Tag: Castronova

MMOGs: The Avatar of Consumerism

My term paper for ENG 685 (Survey of Modern Cultural Criticism…or something like that…never did learn the full name) was actually completed last May, but I haven’t gotten around to putting it up on the blog until now.

I’m kind of proud of it. It’s not great in that the writing style could still use a lot of work, but I think it’s a solid piece. I’d like to use this as a jumping off point into writing a book on the subject sometime down the road.

Well, here it is, but if you want to read it in an easier on the eyes PDF version, right-click/save-as this link here.

MMOGs: The Avatar of Consumerism

Massively multiplayer online games (MMOGs) continue to draw throngs of players every year with the promise of action, adventure, compelling stories, and untold riches and legendary artifacts that can be your very own. The most popular MMOG at this time, World of Warcraft, has over ten million paying subscribers while millions more are playing dozens of similar competing games (MMOGCHART.com). There is no doubt that, as a cultural product, the MMOG is enjoying a popularity to which few other forms of production can compare (except for perhaps popular music and television). What is perhaps most striking about this form of production is that in addition to being a commodity sold by global media corporations and thus, like all other products and creative projects, comment on the cultural logic — the MMOG is in an unusual position to actually replicate the dominate hegemonic conditions which commodify the participant in active, real-time alternate spaces. Taking a materialist approach to the subject, what follows is an analysis of how the MMOG fits among the contrivances and contradictions of the postmodern culture. But to begin, an examination of how the mystification of commodification relies on the delicate construction of the idea of “the self” will be necessary.

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“Only Words”…

“‘Only Words’: ‘Half-Life’ in Philip K. Dick’s Ubik and the Dynamics of Online Role-Playing Environments.”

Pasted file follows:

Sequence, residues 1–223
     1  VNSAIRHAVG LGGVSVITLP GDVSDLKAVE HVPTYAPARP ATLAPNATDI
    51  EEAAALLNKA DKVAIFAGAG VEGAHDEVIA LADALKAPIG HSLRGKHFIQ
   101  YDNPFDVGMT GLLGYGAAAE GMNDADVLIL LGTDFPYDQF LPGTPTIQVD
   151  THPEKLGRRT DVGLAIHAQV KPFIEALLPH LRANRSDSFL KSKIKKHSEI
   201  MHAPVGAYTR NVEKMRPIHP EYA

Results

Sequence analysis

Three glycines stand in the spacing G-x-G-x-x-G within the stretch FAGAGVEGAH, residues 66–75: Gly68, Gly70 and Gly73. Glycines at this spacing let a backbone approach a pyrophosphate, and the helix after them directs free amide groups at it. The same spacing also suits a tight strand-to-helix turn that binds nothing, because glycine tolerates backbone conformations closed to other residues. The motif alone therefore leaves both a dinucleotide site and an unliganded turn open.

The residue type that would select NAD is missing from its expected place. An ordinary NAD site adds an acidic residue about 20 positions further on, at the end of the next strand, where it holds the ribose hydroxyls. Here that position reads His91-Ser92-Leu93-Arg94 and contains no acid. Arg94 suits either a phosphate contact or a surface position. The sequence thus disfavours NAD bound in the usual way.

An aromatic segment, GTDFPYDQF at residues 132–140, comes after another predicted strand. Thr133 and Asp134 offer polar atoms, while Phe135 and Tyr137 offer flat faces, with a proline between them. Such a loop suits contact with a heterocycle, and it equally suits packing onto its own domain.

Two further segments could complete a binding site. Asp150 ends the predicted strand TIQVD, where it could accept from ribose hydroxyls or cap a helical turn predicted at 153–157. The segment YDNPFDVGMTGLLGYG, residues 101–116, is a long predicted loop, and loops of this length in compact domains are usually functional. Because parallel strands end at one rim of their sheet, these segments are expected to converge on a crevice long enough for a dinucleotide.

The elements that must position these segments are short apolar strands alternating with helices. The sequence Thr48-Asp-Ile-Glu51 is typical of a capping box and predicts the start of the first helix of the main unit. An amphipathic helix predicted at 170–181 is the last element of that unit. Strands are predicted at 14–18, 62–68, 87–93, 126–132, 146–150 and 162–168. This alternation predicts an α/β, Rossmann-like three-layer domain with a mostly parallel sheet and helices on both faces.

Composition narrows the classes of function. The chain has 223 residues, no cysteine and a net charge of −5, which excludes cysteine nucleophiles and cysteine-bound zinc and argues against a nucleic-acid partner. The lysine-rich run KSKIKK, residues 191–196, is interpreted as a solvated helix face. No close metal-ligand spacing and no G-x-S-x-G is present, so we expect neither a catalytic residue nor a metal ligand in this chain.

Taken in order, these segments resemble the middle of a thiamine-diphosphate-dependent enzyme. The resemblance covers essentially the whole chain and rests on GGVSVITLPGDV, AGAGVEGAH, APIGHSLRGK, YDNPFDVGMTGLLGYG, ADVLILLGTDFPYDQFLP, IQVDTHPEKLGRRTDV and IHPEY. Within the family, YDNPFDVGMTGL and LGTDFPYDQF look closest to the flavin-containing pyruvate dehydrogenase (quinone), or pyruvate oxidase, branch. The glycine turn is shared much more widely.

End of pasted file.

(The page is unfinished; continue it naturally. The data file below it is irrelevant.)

Paper Presented at the 28th ICFA

I. INTRODUCTION
“Instant Ubik has all the fresh flavor of just-brewed drip coffee. Your husband will say, Christ, Sally, I used to think your coffee was only so-so. But now, wow! Safe when taken as directed.”i
That is one of seventeen different epigraphs that begin each chapter of Philip K. Dick’s novel Ubik. Each of the first sixteen is a satirical comment on the nature of advertising in the consumerist economy, where the mysterious product called “Ubik” stands in for everything from coffee to women’s undergarments, household cleaner to salad dressing. Each one safe when used as directed, of course.

Eric S. Rabkin, in his article “Irrational Expectations; or, How Economics and the Post-Industrial World Failed Philip K. Dick,” makes a point to establish Philip K. Dick as one of the most important and influential authors, in general if not in speculative fiction in particular, working in a post-World War II attempt to examine the metaphysical connections between subjective realities and the so-called “objective reality” which may or may not even exist in Dick’s work.ii Ubik, published in 1969, is one such work which takes a close examination at the nature of subjective realities. It is a novel that describes a world, and a condition of being, that is prescient when you compare it to the alternate realities of massive multi-player online games, or “MMOGs” — a condition that involves a merging and confusion of identities — identities that are defined by, and devalued due to, the commodification of reality.

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